DVD Review: Clannad Series One, Part One
Rumours run rampant through the school of a ‘ghost’ or spirit who haunts the halls!
Clannad focuses on the life of Tomoya Okazaki, a delinquent third year high school student who often skips class due to his resentment of school-life since an injury took away his chances to play basketball. Whilst walking home from school he meets Nagisa Furukawa, who is a year older than him but has to repeat a school year due to her ill health the previous year. They soon become close friends and Tomoya helps her gain acceptance with her new class and soon creates a close knit group of students who work together to revive the dram club.
Rumours run rampant through the school of a ‘ghost’ or spirit who haunts the halls and hands students a cursed object, while scenes are often interjected with cut-aways of a small girl building a robot which has yet to be explained in this half of the series. Throughout the first part of Clannad, Tomoya also champions two more students; the starfish obsessed Fuko Ibuki and the genius Kotomi. Each relationship brings Tomoya closer to school life and he slowly becomes included in class activities and the school community.
The first time we meet Tomoya, he is soliloquizing about the mundanity of his life. The English translation of this monologue is clunky, with some poor examples of syntax which make for a laboured read or listen dependent on whether you are listening to the dubbing or reading the subtitles. Consequently, it is difficult to connect to Tomoya or his supporting cast as their speech is often overly serious or lacking in realistic dialect or tonality. They are also highly over-dramatic in the way they talk about ordinary , everyday situations such as school and relationships can lead to deep, meaningful philosophizing, outbursts of rage or even collapsing on the floor in tears! It can be difficult to take such a serious treatment of ordinary teenage lives seriously when they seem so bent on over-emotionalizing even the simplest of sentences.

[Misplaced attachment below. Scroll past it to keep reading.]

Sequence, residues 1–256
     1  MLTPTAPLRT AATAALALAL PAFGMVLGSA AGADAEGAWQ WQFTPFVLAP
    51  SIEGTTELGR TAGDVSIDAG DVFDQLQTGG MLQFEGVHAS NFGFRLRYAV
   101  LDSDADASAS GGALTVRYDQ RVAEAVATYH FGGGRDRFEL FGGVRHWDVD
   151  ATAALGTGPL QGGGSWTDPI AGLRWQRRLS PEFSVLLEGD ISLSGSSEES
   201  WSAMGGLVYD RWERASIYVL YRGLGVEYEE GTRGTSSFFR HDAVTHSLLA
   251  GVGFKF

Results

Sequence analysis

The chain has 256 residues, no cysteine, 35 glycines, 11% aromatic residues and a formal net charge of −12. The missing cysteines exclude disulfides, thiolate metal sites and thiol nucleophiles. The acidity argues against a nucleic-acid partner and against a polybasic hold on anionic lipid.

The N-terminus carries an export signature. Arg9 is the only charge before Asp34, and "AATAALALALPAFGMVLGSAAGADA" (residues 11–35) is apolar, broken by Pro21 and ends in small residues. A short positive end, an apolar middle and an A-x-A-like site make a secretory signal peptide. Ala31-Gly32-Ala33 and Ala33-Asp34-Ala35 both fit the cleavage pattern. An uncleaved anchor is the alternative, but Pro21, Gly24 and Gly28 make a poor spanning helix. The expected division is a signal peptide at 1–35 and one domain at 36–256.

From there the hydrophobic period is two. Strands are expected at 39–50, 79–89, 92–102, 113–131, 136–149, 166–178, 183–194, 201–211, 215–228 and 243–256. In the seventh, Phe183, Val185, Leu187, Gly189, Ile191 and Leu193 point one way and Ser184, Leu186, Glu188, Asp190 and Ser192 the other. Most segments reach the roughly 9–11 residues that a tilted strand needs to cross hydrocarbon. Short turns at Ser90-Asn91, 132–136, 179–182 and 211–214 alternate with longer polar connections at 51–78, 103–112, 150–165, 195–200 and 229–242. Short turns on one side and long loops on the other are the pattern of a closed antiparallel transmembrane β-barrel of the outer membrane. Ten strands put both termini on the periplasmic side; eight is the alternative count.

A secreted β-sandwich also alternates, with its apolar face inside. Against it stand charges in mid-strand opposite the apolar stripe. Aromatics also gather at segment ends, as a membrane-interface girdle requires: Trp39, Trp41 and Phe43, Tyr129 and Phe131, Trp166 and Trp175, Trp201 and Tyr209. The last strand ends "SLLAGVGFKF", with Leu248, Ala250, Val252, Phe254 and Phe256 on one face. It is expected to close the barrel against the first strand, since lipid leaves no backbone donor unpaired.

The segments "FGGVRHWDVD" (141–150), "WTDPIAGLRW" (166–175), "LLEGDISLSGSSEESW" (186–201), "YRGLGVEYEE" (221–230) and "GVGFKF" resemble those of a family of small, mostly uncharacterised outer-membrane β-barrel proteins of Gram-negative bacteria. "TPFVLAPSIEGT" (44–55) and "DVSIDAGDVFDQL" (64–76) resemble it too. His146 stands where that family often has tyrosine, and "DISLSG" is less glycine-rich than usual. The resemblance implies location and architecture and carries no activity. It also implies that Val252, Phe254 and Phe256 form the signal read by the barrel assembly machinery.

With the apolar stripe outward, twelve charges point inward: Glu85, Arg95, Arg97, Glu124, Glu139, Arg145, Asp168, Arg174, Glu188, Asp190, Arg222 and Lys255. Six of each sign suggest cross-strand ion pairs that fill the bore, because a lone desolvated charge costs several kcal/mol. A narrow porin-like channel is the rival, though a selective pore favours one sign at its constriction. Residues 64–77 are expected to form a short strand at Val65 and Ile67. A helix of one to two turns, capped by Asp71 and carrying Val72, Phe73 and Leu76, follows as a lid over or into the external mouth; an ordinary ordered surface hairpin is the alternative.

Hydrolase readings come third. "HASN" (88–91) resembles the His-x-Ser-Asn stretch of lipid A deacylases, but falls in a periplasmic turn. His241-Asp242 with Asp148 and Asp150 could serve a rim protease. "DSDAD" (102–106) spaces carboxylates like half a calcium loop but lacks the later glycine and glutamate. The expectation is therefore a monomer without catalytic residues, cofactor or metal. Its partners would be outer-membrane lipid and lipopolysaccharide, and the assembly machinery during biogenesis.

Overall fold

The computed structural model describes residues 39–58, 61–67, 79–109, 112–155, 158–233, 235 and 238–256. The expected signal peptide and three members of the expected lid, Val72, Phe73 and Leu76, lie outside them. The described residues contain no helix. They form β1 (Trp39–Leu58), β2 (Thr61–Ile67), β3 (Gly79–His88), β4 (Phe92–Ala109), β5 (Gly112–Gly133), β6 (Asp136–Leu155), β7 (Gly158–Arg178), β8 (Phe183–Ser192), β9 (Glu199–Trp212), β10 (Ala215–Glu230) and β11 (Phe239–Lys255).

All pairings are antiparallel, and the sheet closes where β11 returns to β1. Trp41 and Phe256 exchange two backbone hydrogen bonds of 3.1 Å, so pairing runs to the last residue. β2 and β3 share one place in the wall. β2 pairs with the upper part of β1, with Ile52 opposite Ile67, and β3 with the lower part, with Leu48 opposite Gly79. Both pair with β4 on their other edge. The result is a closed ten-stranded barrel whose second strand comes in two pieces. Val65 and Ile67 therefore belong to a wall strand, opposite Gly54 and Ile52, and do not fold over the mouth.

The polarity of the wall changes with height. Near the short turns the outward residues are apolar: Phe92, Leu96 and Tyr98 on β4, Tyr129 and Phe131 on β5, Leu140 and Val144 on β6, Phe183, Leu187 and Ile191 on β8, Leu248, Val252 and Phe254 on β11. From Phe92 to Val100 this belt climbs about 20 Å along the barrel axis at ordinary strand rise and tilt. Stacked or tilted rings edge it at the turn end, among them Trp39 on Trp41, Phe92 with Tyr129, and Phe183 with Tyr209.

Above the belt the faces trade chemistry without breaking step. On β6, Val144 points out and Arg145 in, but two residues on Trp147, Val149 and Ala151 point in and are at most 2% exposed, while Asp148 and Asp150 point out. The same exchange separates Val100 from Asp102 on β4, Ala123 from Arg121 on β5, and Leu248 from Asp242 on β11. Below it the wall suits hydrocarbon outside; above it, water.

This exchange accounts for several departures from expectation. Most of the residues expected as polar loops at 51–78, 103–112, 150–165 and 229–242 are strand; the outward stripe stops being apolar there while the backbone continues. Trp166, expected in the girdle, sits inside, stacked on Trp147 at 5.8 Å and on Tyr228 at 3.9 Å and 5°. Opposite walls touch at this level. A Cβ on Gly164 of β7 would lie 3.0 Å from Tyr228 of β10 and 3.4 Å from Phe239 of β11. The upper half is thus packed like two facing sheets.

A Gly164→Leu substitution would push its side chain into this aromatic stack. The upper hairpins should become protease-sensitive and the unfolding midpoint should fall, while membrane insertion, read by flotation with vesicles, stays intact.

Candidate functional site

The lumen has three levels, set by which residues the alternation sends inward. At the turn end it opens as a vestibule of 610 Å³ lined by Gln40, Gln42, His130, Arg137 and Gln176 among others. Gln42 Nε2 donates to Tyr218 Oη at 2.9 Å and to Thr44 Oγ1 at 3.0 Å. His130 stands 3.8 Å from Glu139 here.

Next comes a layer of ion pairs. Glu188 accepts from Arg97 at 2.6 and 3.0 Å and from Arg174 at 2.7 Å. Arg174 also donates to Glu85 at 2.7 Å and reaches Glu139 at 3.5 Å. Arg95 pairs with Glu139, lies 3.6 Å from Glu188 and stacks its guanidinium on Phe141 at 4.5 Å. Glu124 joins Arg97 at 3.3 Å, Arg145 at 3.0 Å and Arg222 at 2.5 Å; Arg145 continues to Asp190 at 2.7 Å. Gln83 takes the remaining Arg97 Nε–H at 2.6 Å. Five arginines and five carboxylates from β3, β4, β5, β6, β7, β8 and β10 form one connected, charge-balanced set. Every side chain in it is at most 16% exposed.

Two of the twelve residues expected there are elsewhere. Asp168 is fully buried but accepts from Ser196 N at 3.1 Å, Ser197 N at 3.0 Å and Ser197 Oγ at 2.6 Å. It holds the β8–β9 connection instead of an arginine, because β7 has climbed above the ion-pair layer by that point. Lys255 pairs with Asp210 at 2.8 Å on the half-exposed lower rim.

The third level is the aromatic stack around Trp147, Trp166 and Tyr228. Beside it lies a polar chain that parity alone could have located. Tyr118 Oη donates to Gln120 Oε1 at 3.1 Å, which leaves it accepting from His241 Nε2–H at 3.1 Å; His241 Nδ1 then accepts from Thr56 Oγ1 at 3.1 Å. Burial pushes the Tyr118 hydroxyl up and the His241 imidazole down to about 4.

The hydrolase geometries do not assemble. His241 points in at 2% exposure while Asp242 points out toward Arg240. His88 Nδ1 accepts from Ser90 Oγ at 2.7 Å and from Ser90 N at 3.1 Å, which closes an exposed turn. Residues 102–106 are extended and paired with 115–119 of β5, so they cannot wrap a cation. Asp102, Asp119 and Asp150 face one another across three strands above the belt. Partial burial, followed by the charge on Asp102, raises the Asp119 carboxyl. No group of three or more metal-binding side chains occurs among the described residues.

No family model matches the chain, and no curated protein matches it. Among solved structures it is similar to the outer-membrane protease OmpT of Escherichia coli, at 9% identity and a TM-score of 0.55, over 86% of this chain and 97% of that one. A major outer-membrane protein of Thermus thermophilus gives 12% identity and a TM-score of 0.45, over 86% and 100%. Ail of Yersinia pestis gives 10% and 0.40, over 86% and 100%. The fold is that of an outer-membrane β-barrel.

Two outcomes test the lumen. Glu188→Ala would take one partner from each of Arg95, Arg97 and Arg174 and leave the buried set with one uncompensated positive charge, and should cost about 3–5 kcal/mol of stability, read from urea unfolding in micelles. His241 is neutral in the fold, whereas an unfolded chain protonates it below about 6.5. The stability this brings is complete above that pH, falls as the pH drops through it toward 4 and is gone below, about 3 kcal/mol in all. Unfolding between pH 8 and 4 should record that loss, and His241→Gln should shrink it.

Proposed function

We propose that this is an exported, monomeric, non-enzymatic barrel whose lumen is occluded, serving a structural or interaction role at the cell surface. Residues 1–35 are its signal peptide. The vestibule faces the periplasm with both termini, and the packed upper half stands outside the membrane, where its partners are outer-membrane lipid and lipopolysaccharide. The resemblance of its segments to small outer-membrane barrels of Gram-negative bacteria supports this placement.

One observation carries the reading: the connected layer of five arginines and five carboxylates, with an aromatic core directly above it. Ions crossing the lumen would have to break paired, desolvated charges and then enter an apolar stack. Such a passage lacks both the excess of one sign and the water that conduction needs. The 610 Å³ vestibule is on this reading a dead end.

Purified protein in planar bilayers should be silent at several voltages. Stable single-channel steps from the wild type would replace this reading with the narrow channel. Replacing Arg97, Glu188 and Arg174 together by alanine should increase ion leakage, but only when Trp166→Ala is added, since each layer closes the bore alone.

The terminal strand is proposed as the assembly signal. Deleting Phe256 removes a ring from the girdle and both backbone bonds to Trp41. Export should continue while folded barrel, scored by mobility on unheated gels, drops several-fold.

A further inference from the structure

The voice acting is extreme, with female characters holding overly squeaky and childish voices, while Tomoya holds an adult, macho tone. This is also echoed in the art style used to depict the girls and Tomoya. The girls are wide eyed, small and tiny, whilst Tomoya is taller, smaller eyed and older looking. Nagisa’s parents are also portrayed as very young, with her mother looking no older than the teenage daughter herself, while the father looks like a teenager. This blurred line of age not only makes the series quite confusing but also estranges us from the seriousness of the character’s situations.
The art style is beautiful, playing with soft focus and pastel colouring to show the innocence of the story and the bleary eyed view of nostalgia. This is set off against the occasional breaks into action-based animation for the school confrontations, complete with movement lines and Heads-Up-Display style video game animation. This echoes the mind set of our protagonist, who we must not forget is a teenage boy and sees his life as interchangeable with this style.